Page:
This project is an independent explorer of the British Museum collection built by Good, Form & Spectacle.
It was made in February-April 2015 by George Oates, Tom Armitage, Frankie Roberto, Tom Stuart, Harriet Maxwell and Tom Flynn.
The British Museum is a venerable institution that opened in 1753, and has been a centre of scholarship since then.
This project is not that. This is a sketch made quickly to explore what it means to navigate a museum catalogue made of over two million records. It's about skipping around quickly, browsing the metadata as if you were wandering around the museum itself in Bloomsbury, or better yet, fossicking about unattended in the archives.
We're also acting on a research theme of Good, Form & Spectacle, thinking about ways to show the shape of an institution itself by looking at how and when things were acquired, where they came from, and who brought them. Simply by shifting the visual emphasis from lists and lists of thumbnails on a search result page, you can start to tell slightly different stories about how things were brought to the institution, and how they naturally group together based on the work of the registrars and curators at the institution. You can see a previous effort to start to illustrate this kind of information looking at the Date Graph on a previous project called the V&A Spelunker.
We'll go in to a bit more detail about how we constructed this "surface" view of the museum's collection on the Code/Data page. In the meantime, please enjoy a wander around, and, tell all your friends about how much fun this is.
Two Way Street is the third digital R&D project made by Good, Form & Spectacle. We're exploring some specific themes, that hopefully show themselves here.
Show Everything is a technique we've used in each of our R&D projects. It's usually the first step in trying to understand a big, new dataset. By making something interactive (clickable, navigable) as soon as possible, everyone on the team can start to get a feel for the shape of data, and think about how it can be represented.
We've invented a design constraint that we think is particularly apt for, and challenging to cultural institutions, and that's no search box. Search boxes are good for searching everywhere for anything, but, our theory is that it's also really easy to rest on the laurels of a search box, and put all your effort into that instead of thinking and designing a fantastic display for your collection. When we say "topography of the catalogue," it's about knowing and presenting paths into the collection, helping people find their way, and follow their nose (or eyes or ears) to discover things that interest them.
This is a theme that has popped out of the last two projects: the V&A Spelunker and Two Way Street. It's about laying out and presenting metadata about acquisitions as exploratory devices. In the V&A Spelunker, we mapped date_create against date_acquired, and that revealed certain collecting patterns. Here, we're showing when things were collected alongside who they were collected from, and that's interesting too.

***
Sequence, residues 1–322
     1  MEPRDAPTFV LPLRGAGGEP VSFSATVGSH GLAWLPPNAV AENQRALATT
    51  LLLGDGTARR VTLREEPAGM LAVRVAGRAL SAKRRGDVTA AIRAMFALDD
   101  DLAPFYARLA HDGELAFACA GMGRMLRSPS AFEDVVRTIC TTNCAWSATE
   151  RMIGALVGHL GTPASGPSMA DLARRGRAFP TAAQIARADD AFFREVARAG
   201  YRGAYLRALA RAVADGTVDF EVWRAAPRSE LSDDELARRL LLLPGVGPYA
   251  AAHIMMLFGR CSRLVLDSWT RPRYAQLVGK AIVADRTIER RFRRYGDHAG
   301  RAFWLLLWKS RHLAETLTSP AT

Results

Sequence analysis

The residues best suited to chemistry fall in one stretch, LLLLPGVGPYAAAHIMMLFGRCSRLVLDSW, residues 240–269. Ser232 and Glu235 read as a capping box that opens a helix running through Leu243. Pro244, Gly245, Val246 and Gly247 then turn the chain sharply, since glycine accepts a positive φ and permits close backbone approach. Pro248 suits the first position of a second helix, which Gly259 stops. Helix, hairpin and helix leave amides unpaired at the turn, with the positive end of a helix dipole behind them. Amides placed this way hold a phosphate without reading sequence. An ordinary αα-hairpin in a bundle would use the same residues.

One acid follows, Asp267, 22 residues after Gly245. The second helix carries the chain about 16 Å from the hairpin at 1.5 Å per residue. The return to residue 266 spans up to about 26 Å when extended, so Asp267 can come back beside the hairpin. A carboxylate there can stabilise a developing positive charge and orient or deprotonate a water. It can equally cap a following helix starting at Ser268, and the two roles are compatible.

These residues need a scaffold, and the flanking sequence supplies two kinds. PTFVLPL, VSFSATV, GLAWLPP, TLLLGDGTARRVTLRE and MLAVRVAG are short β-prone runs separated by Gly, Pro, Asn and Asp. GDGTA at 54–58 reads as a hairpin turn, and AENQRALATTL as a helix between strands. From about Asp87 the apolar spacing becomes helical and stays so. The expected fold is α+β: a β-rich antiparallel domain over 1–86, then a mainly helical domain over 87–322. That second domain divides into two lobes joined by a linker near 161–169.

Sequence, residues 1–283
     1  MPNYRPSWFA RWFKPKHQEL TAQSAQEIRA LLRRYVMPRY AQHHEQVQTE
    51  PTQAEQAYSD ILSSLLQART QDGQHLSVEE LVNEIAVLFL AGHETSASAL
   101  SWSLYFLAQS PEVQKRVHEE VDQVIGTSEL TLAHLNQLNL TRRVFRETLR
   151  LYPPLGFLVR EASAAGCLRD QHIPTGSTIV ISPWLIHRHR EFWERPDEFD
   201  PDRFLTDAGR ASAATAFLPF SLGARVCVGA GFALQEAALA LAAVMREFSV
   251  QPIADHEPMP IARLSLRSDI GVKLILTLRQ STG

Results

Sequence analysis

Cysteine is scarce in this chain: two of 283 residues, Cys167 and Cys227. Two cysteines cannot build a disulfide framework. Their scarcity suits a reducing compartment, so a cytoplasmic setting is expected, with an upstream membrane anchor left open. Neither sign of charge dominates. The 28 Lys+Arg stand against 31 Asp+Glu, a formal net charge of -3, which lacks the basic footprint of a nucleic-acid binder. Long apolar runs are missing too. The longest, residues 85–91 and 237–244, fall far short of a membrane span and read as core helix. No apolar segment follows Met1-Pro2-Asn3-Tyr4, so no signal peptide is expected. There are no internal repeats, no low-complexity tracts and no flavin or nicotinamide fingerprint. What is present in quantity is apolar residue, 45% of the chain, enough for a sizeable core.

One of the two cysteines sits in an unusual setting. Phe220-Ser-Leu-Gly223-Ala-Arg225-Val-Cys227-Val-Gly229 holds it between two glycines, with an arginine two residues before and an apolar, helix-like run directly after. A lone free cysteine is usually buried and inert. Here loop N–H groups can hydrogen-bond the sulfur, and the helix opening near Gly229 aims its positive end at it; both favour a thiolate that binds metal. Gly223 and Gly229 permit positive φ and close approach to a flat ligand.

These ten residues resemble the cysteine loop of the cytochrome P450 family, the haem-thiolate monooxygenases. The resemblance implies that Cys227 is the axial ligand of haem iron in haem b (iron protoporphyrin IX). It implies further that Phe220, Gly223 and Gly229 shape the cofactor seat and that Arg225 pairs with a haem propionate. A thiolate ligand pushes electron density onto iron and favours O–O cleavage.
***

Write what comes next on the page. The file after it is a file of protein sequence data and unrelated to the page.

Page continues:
It's liberating to approach this dataset with a research interest, because it lets you make things that would be very difficult for an institution to make, certainly as quickly and sketchily as we can. We can make things that are explicitly and wholly about access, and not about control. Two Way Street is about two sorts of access:
We've written more about how we made this lightweight, slightly-cheating-y version of the collection data on the Code / Data page.
The first release of this site (which happened on April 10, 2015 probably a bit late on a Friday afternoon in London) is the first step in what will hopefully be a larger thing. We chose the name "Two Way Street" during a weekend literally at the British Museum as we tried to shape the project into a four-minute pitch in the NESTA Heritage and Culture Open Data Challenge. We weren't successful at that, but decided to go ahead anyway. This first release is all we can afford at the moment, both in terms of time, and money.
The Two Way-ness of the name is about trying to create an actual dialogue with a gigantic world-leading institution. One of our original goals was to allow commenting on any object in the collection, but we decided to de-emphasise that for now since managing an online community is very hard and time-consuming. We did achieve our other two main goals though, in this short timeframe: allow radical access to the collection at large, and provide a more user-friendly version of the catalogue for developers. (That's our thin JSON version instead of the huge and slightly-unwieldy-for-web-experiments official RDF version.)